“This approach always felt long term and we are continuing to build trust with new groups that are moving into Birmingham. These are areas where we have previously made little headway.”

Cockett believes the success of the project relied on the work having an impact on visitors and donors, which then reflected back to the museum. As a result, it is now viewed more positively by a greater number of the local population.  

“I don’t think we’ll ever go back to the time when curators alone decided what objects to acquire for the collection,” Cockett says.  

Best Small Museum Project

A Cruinneachadh airson 2048 (Collecting for 2048)

Taigh Chearsabhagh Museum and Arts Centre, North Uist, Outer Hebrides

Like countless other clubs and groups, the North Uist Historical Society (Comann Eachdraidh Uibhist a Tuath) faces the daunting challenge of attracting new members to have a sustainable future.

The society’s job is made difficult by the fact that it is dedicated to keeping alive the history of a tiny island whose population is just 1,500, and that its current membership has an average age of 70.

The society realised it had to close the generation gap so it started the Collecting for 2048 project – funded by Event Scotland as part of the Year of Young People 2018 programme – which asked local primary school children to imagine what island life might be like in 30 years’ time.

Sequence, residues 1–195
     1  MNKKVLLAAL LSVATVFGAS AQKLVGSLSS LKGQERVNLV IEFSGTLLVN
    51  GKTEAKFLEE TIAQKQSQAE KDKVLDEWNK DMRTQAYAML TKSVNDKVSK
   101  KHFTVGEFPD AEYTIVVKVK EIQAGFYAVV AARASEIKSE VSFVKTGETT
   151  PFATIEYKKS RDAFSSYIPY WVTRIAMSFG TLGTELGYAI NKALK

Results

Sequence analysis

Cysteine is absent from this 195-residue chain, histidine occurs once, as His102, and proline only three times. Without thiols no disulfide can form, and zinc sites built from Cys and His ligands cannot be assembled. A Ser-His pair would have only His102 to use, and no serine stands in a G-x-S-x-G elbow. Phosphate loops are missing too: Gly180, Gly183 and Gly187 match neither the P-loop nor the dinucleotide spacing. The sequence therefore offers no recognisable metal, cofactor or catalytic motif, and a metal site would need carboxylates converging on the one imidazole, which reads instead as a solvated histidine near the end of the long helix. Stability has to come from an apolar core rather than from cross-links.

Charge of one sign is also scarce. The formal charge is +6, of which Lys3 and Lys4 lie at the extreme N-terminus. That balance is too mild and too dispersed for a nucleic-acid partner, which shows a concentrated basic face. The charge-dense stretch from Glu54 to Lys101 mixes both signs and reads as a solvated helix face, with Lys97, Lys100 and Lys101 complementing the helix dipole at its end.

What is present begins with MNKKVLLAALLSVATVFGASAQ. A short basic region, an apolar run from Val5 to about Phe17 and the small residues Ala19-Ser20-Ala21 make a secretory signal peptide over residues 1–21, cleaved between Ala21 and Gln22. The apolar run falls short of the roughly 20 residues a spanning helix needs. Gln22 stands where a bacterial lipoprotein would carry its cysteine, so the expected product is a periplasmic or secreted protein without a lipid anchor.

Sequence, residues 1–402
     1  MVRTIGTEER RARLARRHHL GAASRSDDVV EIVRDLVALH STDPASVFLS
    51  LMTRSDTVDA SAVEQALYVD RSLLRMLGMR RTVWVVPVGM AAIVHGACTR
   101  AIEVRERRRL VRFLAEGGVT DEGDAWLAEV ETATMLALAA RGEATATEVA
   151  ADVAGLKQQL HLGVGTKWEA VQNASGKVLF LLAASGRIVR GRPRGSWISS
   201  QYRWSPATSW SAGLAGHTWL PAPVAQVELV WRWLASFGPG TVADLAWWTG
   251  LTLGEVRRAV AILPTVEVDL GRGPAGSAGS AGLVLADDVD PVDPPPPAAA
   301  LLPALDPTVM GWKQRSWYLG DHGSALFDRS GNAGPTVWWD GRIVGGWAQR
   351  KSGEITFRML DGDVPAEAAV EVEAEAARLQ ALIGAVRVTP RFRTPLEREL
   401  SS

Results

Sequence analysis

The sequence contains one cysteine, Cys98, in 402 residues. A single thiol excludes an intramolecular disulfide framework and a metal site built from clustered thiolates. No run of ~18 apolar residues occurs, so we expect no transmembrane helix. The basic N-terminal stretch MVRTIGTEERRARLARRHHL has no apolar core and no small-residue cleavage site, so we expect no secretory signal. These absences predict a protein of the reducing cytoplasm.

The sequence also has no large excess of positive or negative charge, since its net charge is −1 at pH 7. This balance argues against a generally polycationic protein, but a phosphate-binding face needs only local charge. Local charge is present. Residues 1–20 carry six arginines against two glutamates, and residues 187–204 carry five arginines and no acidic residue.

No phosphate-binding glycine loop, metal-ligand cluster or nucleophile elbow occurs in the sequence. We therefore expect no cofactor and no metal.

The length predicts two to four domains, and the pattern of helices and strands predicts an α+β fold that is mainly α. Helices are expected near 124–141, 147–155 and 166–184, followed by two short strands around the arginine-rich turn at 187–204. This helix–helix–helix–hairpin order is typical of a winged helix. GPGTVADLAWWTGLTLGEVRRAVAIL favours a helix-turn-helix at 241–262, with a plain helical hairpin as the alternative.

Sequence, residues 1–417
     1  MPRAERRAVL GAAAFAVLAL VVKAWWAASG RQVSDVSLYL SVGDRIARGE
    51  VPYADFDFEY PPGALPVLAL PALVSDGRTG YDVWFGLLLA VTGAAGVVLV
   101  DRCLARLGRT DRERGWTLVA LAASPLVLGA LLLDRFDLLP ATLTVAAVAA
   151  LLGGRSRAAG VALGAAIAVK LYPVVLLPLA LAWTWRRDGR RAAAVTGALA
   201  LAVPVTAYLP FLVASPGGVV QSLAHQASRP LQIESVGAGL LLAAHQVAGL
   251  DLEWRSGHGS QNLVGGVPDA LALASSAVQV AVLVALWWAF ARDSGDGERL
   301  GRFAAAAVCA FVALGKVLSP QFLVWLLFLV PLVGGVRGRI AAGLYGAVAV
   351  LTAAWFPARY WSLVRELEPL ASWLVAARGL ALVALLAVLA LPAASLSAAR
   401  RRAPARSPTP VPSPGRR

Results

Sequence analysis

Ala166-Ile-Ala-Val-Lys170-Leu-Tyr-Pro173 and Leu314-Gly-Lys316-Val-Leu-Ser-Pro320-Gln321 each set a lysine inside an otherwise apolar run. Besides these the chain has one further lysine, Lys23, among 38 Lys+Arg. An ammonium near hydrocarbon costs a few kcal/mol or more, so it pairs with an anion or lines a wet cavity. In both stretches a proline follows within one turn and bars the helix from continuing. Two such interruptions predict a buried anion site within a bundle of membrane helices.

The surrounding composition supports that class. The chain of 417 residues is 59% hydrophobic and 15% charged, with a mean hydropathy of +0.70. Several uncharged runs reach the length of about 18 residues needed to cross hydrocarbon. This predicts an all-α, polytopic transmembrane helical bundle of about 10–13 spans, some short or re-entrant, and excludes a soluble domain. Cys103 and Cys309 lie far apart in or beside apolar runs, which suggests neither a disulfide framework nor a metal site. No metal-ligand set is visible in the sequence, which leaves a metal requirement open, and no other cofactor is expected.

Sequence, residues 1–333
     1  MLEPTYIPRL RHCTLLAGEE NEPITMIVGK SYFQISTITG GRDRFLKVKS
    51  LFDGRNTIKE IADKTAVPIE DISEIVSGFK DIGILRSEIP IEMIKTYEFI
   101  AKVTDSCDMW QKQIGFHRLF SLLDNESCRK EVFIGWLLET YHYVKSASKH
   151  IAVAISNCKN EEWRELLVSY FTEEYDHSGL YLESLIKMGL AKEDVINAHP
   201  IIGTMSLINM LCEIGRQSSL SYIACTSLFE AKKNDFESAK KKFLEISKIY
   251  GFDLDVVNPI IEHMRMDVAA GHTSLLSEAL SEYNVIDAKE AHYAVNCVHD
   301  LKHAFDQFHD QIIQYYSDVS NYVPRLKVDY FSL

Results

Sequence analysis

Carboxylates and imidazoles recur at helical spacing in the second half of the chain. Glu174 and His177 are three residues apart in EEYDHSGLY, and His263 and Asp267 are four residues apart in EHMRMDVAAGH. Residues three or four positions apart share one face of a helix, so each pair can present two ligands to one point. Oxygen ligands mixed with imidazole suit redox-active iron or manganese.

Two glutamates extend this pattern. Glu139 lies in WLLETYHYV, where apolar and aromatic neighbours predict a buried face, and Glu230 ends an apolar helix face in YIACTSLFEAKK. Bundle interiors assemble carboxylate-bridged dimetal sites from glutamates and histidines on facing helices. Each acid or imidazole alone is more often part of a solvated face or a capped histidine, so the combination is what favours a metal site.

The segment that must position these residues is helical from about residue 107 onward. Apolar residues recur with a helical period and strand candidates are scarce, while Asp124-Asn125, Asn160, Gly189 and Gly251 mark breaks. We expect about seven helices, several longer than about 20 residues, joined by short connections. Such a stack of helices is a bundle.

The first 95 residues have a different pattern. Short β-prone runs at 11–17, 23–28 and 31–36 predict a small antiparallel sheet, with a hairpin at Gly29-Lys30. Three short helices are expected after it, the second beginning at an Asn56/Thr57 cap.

“They will be 40 in 2048 and that’s the age when people start looking back at their childhood,” says Norman MacLeod, the operations manager for the Taigh Chearsabhagh Museum and Arts Centre, which held an exhibition of the project’s results. “It was a different kind of time capsule – a collection of objects that the children enjoyed today but thought might be the museum pieces of the future.”

The exhibits ranged from glowsticks and hair gel to cattle passports and sheep wool, to reflect their crofting heritage. The children were largely self-sufficient, too, with everything made in-house and – a particularly proud boast – no expertise sought from the mainland.

All the panels and displays were put together with the help of the design company Hebridean Graphics, which is based on-site. The exhibition text was primarily in Gaelic, with an English translation alongside.

“Some wondered whether their children would be taught by robots,” says MacLeod. “Others voiced concern about the environment; the plastic in oceans and the encroaching tide around our island are important issues for them.

They also looked internationally and the name of Trump came up as a real worry. As it happens, his mother was born on the Isle of Lewis, not far from here, but I don’t believe there’s an awful lot of pride taken in that.”